Polar Opposites

Two women who together helped bring the pole-dancing fitness craze to Orange County could be headed to court

"I'm ready for a fight," she says, looking around the hotel room. Her eyes widen and water, nearly lost beneath a thick layer of peacock-green eye shadow. Lim isn't young or glossy. The petite Filipina wears her shock of black hair down to her waist, which makes her look, at first glance, much younger than her 46 years. Beneath her veil of makeup, though, her face is tired. She's a mom with two grown daughters—one just around Aboul-Hosn's age.

"I need to correct a wrong that was done to me," she says.

Ever since she got divorced some 15 years ago and has been on her own, Lim has been busy with this or that business idea—makeup lines, glamour photography for women, dance classes, DVD lines, even a women's foundation—only a few of which have ever materialized. When she speaks about them, though, her voice becomes higher, determined. Her passion manifests in the form of disorganized piles and dozens and dozens of URLs she's purchased online. The idea she's most attached to is the one that emerged, she says, after years of working as an exotic dancer.

*   *   *

Lim's first time in a bar also happened to be the first time she danced in a topless strip club in Phoenix. "I had never been to a bar—34 years old, and I had never been to a bar," she says, alluding to the strict Mormon values that had characterized her upbringing and her marriage. Lim's Catholic mother converted to Mormonism after a missionary knocked on their door in the Philippines. Lim was 10 and converted along with her mom. She came to the United States to attend Brigham Young University in Hawaii, where she met her Chinese Mormon husband.

"I got the shock of my life," she says of the strip club. "At first, I saw the bar. Then I saw these women walking around topless. And I started shaking." She was sent in a bikini costume to sit among the men to take her turn onstage when she was ready. Eight hours went by. Still, she hesitated. "I was glued to my seat," she says. But she noticed that the women's garter belts were growing fat with bills. She remembered why she was there: She needed the money for a lawyer. Recently divorced, she was preparing to fight for the custody of her daughters and was only eking by with a few odd jobs.

"I finally went onstage. I was shaking, and I was hot because I was humiliated," she says. "I said, why would I do this? Why do I have to take off my top for me to be given money?" She stood with her hands against the wall onstage and her face turned away from the men. "I cried and cried for a long time," she says. Then she heard her daughter's voice, remembered the money and the lawyer, and slowly began to move. "I made $100 that first night," she says. With only a couple of weeks left before the court date, she worked double shifts every night.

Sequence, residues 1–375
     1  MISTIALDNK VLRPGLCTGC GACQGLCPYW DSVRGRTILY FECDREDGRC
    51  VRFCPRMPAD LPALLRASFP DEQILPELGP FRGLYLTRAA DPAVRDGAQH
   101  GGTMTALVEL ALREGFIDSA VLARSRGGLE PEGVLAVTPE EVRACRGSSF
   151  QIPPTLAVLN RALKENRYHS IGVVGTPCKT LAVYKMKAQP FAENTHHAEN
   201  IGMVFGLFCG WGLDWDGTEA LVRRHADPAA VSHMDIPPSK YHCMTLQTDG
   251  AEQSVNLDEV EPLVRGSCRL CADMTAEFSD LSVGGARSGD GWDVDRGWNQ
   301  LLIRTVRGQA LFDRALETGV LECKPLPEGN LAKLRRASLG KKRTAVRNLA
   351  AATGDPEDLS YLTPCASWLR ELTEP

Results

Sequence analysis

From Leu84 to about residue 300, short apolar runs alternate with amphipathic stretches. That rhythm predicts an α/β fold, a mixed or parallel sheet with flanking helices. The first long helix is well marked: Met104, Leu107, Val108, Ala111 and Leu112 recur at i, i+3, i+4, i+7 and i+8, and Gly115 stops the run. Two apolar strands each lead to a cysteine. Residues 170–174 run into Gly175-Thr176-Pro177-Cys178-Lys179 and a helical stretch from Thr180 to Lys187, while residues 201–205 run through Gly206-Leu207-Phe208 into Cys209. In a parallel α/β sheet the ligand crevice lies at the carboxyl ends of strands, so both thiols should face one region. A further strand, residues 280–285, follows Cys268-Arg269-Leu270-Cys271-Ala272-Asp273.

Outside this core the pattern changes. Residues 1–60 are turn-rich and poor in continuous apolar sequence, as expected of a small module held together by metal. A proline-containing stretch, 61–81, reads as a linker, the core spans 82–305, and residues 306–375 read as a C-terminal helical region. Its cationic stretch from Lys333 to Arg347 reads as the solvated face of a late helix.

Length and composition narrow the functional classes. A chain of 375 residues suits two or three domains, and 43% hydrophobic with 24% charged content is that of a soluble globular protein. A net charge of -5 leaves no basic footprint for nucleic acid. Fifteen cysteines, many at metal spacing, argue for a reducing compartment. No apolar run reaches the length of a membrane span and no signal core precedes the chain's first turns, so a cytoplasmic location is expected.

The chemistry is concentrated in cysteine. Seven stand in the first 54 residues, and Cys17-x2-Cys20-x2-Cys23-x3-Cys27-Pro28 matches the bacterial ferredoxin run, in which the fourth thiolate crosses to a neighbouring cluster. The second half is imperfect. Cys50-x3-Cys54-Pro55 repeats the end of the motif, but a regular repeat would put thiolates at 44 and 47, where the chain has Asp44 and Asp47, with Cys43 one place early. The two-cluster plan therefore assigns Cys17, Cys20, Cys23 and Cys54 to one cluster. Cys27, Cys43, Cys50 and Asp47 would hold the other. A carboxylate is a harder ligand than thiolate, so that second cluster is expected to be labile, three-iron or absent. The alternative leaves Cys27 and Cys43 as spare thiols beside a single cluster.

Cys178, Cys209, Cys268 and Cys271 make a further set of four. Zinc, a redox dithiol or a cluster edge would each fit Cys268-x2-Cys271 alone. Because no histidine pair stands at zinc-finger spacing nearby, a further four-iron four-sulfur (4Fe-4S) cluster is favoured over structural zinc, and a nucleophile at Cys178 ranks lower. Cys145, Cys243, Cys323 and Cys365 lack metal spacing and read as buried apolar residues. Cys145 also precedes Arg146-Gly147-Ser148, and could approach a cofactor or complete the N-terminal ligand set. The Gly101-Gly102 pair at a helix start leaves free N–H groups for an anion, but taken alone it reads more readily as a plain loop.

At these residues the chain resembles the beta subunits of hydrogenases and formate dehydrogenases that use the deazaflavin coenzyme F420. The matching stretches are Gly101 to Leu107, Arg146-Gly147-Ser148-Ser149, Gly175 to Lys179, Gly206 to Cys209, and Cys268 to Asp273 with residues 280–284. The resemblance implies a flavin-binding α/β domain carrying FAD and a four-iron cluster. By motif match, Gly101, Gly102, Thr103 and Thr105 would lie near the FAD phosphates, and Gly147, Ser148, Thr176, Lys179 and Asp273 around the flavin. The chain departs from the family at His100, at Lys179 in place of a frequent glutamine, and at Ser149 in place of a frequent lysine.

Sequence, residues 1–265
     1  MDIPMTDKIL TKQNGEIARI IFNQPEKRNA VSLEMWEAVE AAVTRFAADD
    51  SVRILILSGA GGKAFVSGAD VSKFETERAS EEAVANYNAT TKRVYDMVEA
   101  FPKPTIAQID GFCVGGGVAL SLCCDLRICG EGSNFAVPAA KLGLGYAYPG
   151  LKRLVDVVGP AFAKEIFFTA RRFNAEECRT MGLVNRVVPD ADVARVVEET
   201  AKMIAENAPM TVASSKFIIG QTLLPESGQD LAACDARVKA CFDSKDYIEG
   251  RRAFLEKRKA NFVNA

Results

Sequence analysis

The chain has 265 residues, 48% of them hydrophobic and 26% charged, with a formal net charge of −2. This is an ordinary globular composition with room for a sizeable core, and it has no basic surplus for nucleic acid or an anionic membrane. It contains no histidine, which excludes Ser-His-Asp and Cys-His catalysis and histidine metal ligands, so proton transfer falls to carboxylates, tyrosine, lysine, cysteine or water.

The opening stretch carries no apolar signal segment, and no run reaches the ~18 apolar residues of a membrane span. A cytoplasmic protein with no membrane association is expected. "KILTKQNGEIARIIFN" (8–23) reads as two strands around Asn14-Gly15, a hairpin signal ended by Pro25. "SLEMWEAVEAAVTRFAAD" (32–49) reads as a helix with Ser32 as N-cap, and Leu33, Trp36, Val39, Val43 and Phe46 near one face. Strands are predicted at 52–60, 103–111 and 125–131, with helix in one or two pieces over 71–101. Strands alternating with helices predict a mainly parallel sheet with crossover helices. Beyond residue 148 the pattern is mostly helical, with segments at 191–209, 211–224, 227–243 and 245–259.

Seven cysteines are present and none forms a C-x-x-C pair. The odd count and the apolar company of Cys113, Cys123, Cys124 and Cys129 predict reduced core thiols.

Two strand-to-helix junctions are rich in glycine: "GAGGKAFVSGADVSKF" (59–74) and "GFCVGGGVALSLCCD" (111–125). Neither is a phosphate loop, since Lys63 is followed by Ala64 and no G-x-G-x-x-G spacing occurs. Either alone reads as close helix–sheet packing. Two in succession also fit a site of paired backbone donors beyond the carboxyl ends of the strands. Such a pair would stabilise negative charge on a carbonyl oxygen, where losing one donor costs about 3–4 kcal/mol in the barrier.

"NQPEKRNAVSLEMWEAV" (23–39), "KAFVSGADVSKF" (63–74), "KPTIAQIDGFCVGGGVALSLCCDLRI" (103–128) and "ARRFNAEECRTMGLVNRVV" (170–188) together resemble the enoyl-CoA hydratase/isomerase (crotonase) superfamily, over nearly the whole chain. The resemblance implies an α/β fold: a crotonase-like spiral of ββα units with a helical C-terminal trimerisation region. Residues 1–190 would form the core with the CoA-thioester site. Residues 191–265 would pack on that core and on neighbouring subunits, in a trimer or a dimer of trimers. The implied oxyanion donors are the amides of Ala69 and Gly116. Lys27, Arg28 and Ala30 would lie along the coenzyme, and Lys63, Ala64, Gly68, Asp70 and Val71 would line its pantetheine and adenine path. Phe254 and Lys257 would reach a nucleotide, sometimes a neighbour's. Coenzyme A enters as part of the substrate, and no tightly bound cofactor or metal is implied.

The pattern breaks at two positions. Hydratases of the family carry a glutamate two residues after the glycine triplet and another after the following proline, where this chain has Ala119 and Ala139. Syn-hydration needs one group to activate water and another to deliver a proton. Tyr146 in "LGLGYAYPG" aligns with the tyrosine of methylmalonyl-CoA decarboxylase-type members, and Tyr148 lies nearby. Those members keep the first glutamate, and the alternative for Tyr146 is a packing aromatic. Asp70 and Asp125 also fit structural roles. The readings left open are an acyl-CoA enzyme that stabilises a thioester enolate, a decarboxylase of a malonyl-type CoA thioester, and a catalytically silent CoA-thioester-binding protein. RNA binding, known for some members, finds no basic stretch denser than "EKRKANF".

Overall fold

Months before that first dance in the strip club, Lim had been struggling to make ends meet. The newly divorced former housewife had no job skills. The $5.50 per hour she was making at Sears and the bit of child support didn't suffice for long. She handed her daughters over to her husband, who had joint custody, just before she lost her apartment. Soon after, she lost her car and took brief refuge in a battered-women's shelter. She didn't see her daughters for a year and a half because her husband had moved them and, she admits, because she was ashamed at having nothing to offer them. She got work as a traveling makeup artist and attempted to launch a small glamour-photo business for women at a fitness club. After about a year and a half, she reconnected with her daughters and found out her husband was seeking full custody. "I said, 'I have no money,'" she says. "I said, 'God, if you really exist, show me a miracle.'" She gave God a "deadline."

The miracle came in the form of a strapping Brazilian woman who walked into the fitness club late one night, just before the "deadline" was set to expire. Lim recognized the woman from a doctor's office and remembered overhearing that she was a stripper. "I thought, oooh, a stripper. How terrible. She must be a whore," she says. "But she was so tall and confident and very, very sexy." The two women started talking, and Lim told her she had no money for a lawyer and was set to lose custody of her daughters.

"She said to me right away, 'You have no problem; your problem is solved,'" Lim says.

"She said, 'You're going to be a stripper.' I said, 'Oh, no, no. What will my family say? What will my friends think?'" But out of desperation, the next day she went to the Brazilian woman's house and learned her first moves—the same ones she would attempt for the first time in the topless club a few days later.

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